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Farmington Police Chief Brian Lindquist was dismissed from his job Monday night by the City Council, despite the objections of more than 200 residents who rallied in support of Lindquist.

Many who spoke at the meeting expressed anger and confusion about the lack of reasoning given for Lindquist’s exit. While two council members said legal restrictions prevented them from elaborating, Council Member Katie Bernhjelm cited “past demonstrations of poor leadership” as why he needed to go.

She said Lindquist had missed meetings, failed to communicate and made decisions without consulting the council.

Residents, spilling out into the hallway, told emotional stories of their positive encounters with Lindquist. Several shouted their disapproval over council members.

Others called for the resignation of council members who supported ousting Lindquist, who was chief for 12 years and on the force for 20. Sgt. Gary Rutherford was appointed acting chief on Aug. 1 and will continue in that role.

Out of 24 speakers, just one supported the termination. Justin Giles said he was denied medical care in 2003 for a broken kneecap and a fractured shoulder after Lindquist put him in jail.

“It was not a good encounter,” Giles said, adding that he filed a complaint but never received a response from the city.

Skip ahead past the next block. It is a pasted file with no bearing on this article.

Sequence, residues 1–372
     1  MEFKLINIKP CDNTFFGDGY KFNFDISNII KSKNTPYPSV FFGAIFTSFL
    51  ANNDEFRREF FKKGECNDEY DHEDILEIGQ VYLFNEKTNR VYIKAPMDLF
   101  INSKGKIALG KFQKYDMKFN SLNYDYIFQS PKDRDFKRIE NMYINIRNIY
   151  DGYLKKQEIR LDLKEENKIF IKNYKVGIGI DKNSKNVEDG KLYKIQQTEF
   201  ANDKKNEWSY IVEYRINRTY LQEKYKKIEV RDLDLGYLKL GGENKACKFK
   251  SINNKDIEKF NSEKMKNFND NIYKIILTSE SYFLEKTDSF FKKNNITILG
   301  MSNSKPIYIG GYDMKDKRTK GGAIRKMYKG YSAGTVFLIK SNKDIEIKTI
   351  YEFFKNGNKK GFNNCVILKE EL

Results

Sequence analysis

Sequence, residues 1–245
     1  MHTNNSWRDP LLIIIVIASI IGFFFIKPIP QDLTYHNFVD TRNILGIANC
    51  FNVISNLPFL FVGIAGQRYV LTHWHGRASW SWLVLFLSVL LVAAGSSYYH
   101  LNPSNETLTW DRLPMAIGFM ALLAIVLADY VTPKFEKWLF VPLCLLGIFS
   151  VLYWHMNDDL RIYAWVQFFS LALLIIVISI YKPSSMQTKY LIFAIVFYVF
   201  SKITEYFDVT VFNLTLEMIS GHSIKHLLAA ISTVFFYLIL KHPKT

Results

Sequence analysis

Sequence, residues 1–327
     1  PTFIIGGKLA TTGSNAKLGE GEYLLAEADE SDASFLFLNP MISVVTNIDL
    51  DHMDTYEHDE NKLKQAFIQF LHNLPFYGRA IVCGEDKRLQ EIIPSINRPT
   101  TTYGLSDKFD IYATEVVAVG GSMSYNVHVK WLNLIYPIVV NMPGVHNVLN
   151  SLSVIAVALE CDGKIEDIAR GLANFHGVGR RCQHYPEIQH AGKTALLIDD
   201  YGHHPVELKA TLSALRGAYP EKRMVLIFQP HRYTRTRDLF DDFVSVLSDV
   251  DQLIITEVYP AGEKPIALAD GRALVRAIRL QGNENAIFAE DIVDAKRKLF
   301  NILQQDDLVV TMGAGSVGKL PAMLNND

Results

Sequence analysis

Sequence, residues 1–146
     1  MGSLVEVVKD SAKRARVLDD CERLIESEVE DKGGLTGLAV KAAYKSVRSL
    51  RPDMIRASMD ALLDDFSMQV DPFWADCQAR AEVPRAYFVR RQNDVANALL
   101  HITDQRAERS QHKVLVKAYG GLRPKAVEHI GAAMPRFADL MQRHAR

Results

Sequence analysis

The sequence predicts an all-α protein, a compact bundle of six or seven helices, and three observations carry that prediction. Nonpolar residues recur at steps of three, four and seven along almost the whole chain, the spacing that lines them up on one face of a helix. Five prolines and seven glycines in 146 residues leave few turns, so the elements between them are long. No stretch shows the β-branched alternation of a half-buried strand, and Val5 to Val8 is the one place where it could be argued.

Lindquist said he couldn’t remember arresting Giles.

‘Entirely preventable’

Bernhjelm, who was appointed in April 2017, said she began hearing about issues with the chief shortly after she arrived.

“This decision was entirely preventable had he listened to feedback, shown up or made any effort to take responsibility,” Bernhjelm said.

Bernhjelm said there had been several recent situations that called into question Lindquist’s leadership. She said that he had failed to offer the council any details about why gun cameras were necessary this spring.

Soon after that, he opted out of using the Vitals smartphone application, which provides officers information about vulnerable people during a police crisis, without discussing it with the council, she added.

Lindquist, who lobbied for the hiring of several additional officers after a study showed Farmington was short-staffed, didn’t adequately answer questions about why extra officers were needed, Bernhjelm said.

The council approved a separation agreement with the chief on a 3-2 vote. Council members Bernhjelm, Jason Bartholomay and Robyn Craig voted in favor of the agreement, while Mayor Todd Larson and Council Member Terry Donnelly voted against it.

The agreement includes the sum of $125,770 to be paid to Lindquist in installments. Lindquist’s last day is Friday.

Addressing the crowd, Lindquist said he wasn’t happy about the decision but that he would go on to “the next chapter” in his life.

Erin Adler • 612-673-1781